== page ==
Current Conditions
27 ° Cloudy

Sherman Says: Community newspapers invented ‘hyperlocal’ coverage concept

BUFFALO — There was some good news from the sporting world that you might have missed, given all the hullabaloo surrounding drama within the Buffalo Bills training camp and the team’s opening day loss to the New England Patriots.

The good news is that the Buffalo area is not a major sports market., an online high school sports site and a affiliate, announced it was launching sites dedicated to providing “hyperlocal” coverage of 40 metropolitan areas, across the country.’s national data and content is now available to high school sports fans on a city-by-city level “across digital platforms.”

The release went on to detail how the sites will feature top games of the week and provide more localized content, including the MaxPreps score stream.

“Social integration of local school and reporter Twitter feeds will allow fans to stay up-to-the-minute on the latest news. Additionally, users will be able to upload their own photos and videos.”

The first cities to be blanketed by this approach were New York, Sacramento, Dallas, Los Angeles, Denver, the Bay Area, Phoenix, Salt Lake City, Las Vegas, Atlanta and Cincinnati. The fourth and final wave of cities in the vast network includes Indianapolis, Kansas City, Nashville, New Orleans, Oklahoma City and Washington, D.C. That will bring the total to 40 cities.

The fact that Buffalo was excluded from this “more localized content” is good to hear, because readers already can find some of the best coverage of local high school and amateur sports in the pages of their numerous community newspapers. In fact, we were the ones who invented the concept of “hyperlocal.”

The release from the distant media magnet stated that each of its big city sites will provide users with upcoming game schedules, recent scores and stat leaders. Well, Buffalo’s suburban newspapers have been doing that since before Babe Ruth was a New York Yankee.

Being able to read about the team representing the school you attended or the school your children attend is about as local as you can get. Kids who may never get their name in the paper otherwise might show up on page one. Those family clippings make their way to refrigerator doors and scrapbook pages, faster than you can double-click on a link to some distant webmaster.

Our region’s community sports reporters are well known to the athletic directors, coaches, players and fans, and the best of them have plaques and certificates to show for their efforts. Yet, the real reward might be that they operate on a first-name basis with the teachers working the gate at the football field and the clerk at the coffee shop. It’s a tribute to Western New York’s small-town nature that this personal level of recognition still exists in the modern, digital age.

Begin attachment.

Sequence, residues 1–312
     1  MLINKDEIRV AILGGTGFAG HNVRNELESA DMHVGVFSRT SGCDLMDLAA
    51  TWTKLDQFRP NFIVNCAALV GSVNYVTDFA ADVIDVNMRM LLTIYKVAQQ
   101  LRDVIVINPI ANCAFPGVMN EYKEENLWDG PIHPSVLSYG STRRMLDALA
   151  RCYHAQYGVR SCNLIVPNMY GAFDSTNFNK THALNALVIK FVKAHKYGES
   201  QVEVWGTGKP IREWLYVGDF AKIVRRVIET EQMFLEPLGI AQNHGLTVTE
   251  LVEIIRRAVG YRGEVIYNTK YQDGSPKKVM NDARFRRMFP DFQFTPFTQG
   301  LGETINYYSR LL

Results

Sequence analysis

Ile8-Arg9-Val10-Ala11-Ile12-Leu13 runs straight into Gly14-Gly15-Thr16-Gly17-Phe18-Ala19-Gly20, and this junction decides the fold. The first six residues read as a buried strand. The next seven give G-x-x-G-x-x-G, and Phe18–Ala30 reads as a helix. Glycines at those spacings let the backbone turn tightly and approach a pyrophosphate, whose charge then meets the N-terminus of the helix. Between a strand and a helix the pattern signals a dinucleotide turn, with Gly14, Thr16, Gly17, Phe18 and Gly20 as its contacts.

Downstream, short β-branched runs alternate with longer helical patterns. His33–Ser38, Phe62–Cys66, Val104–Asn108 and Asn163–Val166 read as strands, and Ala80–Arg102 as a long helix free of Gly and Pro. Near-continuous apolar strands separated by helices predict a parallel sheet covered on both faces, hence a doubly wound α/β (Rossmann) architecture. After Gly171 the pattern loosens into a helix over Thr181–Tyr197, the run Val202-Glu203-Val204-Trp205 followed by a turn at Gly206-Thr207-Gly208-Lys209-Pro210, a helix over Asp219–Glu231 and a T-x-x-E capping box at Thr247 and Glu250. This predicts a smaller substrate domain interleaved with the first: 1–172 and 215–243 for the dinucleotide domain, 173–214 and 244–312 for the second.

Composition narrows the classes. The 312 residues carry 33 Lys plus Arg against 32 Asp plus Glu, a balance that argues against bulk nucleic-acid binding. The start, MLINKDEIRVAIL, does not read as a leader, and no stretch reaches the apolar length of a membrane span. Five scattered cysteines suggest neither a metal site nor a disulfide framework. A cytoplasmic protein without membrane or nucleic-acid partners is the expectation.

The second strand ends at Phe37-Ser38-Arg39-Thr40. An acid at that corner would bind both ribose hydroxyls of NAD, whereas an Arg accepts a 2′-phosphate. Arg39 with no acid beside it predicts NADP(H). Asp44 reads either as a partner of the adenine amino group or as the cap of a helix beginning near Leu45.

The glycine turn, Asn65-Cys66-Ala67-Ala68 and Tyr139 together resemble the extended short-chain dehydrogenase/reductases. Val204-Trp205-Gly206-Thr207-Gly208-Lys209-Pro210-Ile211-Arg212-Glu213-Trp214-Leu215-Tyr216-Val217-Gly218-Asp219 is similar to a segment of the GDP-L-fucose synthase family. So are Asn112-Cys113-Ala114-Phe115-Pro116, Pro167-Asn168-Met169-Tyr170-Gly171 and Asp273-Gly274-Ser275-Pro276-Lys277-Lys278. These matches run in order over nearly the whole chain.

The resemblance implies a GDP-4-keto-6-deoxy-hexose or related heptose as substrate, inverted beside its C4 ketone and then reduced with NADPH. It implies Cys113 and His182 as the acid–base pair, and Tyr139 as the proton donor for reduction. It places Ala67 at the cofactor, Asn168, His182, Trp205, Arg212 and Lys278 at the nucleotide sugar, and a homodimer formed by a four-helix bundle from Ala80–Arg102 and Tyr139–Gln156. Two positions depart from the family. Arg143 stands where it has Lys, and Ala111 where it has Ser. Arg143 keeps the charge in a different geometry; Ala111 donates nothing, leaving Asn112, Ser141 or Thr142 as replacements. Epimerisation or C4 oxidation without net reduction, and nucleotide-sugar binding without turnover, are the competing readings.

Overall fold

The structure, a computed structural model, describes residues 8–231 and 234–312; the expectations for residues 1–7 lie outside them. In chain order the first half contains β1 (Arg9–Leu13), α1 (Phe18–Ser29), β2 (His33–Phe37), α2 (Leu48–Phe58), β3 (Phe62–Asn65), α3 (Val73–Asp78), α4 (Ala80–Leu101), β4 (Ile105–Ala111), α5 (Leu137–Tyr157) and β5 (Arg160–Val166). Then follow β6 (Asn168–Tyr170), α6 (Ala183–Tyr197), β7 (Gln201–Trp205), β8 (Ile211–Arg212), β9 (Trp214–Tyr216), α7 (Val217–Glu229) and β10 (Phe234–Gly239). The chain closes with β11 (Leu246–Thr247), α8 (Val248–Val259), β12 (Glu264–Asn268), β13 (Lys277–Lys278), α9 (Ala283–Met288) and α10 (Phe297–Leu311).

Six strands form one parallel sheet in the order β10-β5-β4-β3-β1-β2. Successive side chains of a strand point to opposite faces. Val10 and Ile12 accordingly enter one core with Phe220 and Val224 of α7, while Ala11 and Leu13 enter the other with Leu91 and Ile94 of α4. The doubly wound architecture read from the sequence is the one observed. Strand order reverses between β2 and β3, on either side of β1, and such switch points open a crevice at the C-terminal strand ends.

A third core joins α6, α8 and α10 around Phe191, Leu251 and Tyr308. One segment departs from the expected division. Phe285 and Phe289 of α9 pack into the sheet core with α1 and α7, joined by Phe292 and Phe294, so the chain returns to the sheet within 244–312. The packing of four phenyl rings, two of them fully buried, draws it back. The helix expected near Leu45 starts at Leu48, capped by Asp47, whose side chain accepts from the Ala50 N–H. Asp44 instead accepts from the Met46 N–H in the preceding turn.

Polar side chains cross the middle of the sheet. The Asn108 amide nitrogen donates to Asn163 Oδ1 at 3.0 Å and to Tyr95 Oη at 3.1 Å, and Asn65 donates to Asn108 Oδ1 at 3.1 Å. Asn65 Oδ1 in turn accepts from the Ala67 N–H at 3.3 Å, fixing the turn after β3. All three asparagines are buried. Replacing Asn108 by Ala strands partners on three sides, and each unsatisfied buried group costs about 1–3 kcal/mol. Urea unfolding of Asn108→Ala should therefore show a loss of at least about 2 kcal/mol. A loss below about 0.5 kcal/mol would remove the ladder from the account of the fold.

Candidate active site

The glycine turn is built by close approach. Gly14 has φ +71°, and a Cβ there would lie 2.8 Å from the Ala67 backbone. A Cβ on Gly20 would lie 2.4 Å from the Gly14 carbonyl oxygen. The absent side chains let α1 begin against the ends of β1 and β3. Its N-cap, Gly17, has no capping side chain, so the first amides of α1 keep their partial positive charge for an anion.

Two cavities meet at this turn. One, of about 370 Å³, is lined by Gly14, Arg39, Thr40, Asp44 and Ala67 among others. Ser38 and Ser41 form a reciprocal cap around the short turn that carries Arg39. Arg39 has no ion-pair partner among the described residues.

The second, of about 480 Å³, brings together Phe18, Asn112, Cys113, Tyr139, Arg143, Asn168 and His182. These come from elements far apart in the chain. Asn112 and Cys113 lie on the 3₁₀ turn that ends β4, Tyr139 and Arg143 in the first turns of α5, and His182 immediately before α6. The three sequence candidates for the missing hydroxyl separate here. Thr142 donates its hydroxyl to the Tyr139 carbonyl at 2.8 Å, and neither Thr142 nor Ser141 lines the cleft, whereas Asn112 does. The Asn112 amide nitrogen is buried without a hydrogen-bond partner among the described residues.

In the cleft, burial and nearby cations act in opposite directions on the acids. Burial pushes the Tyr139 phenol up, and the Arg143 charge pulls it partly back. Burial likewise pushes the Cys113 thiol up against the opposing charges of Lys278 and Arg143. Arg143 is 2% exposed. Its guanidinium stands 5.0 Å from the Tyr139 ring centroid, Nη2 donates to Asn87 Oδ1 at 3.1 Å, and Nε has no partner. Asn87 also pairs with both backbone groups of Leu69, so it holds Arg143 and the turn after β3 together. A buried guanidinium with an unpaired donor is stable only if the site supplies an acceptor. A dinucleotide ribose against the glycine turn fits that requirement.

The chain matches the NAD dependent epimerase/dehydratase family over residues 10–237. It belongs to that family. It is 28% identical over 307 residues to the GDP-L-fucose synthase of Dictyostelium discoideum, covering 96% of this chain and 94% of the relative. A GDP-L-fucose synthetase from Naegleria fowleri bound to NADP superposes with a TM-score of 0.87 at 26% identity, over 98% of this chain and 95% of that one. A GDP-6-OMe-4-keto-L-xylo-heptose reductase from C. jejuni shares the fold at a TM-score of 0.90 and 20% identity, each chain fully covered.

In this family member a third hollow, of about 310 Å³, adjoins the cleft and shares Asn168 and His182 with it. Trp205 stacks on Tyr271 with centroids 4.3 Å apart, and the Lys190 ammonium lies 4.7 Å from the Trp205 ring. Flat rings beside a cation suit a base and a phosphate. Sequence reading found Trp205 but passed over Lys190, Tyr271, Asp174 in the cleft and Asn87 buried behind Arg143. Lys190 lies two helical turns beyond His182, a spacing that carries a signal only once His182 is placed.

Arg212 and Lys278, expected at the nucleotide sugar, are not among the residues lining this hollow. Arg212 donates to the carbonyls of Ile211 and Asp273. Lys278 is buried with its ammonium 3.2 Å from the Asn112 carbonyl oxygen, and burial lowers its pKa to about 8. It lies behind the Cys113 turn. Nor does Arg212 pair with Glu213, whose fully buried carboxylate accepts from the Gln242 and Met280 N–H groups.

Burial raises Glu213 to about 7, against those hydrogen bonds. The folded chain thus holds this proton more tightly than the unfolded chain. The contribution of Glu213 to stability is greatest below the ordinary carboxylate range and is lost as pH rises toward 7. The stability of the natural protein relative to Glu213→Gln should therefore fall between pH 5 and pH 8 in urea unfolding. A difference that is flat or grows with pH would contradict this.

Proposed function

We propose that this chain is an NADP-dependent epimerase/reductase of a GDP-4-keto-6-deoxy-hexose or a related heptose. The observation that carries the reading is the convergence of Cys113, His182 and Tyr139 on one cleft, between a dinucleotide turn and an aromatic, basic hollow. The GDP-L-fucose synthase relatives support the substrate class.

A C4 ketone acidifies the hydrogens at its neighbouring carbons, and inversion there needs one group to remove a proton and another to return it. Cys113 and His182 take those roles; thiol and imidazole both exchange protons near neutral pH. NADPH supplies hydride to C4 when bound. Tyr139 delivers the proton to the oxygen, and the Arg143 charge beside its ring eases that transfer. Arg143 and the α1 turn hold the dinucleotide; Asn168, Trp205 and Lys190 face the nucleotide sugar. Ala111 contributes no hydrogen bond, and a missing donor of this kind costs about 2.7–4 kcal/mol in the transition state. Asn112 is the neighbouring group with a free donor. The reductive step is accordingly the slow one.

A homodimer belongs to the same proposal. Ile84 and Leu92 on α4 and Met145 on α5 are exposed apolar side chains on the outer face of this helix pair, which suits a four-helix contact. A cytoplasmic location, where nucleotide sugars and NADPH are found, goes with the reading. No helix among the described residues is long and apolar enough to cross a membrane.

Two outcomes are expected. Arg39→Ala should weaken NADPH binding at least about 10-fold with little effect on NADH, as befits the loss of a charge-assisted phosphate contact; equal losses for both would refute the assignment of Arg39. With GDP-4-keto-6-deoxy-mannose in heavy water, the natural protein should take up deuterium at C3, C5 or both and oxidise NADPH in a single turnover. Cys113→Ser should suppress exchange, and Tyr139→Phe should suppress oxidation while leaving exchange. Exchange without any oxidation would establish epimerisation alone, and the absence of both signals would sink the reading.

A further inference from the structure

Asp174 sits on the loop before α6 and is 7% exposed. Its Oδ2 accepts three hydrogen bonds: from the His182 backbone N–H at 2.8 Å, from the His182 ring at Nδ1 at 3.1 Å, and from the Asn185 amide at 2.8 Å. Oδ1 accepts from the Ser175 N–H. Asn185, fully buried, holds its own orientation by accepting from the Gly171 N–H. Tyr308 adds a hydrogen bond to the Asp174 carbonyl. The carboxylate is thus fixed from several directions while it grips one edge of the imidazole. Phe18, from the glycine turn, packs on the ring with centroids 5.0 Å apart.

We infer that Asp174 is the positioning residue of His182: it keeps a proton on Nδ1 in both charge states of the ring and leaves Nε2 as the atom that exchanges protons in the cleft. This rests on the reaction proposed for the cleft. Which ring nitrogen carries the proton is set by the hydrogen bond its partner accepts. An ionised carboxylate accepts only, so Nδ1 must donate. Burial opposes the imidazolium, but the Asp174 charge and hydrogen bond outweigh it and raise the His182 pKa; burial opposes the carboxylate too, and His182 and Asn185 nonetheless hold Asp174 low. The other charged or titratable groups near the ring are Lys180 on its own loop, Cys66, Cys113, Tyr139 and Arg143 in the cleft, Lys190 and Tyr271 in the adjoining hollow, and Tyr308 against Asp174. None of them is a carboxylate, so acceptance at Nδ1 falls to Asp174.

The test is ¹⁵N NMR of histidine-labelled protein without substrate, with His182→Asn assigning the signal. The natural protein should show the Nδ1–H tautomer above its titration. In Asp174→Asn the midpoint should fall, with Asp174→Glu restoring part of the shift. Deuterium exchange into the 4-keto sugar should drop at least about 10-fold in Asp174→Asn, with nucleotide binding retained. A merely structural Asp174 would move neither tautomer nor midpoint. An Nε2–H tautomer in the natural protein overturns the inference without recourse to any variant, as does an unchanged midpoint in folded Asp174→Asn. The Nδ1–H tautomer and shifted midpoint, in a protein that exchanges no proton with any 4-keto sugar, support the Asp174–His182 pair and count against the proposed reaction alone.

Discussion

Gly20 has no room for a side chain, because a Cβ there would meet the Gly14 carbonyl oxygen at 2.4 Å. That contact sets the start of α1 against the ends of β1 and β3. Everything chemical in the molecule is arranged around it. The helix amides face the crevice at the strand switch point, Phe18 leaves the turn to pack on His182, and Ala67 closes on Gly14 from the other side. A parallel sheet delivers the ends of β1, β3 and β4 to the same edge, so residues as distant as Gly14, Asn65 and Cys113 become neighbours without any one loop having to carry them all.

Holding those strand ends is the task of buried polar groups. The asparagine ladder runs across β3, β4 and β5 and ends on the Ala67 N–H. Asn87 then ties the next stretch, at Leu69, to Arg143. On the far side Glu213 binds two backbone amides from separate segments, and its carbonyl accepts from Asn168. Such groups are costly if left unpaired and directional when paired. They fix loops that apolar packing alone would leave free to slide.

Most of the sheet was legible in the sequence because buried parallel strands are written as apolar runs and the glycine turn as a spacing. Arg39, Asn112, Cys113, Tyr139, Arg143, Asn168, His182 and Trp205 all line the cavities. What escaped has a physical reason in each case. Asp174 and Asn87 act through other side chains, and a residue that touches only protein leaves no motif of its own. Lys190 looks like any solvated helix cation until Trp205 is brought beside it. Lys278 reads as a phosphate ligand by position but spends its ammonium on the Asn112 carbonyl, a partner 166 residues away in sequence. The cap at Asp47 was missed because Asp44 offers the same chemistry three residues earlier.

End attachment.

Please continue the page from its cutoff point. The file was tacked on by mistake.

Newspaper publishers from Grand Island to Springville know local news is solid gold.

It remains to be seen how successful the MaxPreps venture will be. It’s difficult to say how many hits will justify high school listings in metro Atlanta, for example, where there are 26 public school systems. There are also more than 150 private schools. I might be going out on a limb, but I’d bet metro Atlanta’s community newspapers, of which there are at least 20 covering different neighborhoods and ethnic groups, are already doing a pretty good job of this.

Buffalo’s status as a smaller market unworthy of the attention of MaxPreps is fine with me. It gives us the opportunity to cover bowling and volleyball with the same vitality as someone accredited by the International Olympic Committee.

Our streetcorner journalism does not begin or end with high school sports. But who can resist the urge to keep current with a local school team eager to reach the unreachable star?

Not us.

David F. Sherman is managing editor of Bee Group Newspapers and a columnist for the Weekly Independent Newspapers of Western New York, a group of community newspapers with a combined circulation of 286,500 readers. Opinions expressed here are those of the author. He can be reached at


You must be signed in to comment.

Click Here to create a Free Account

Click here to Sign in


Be the first to Comment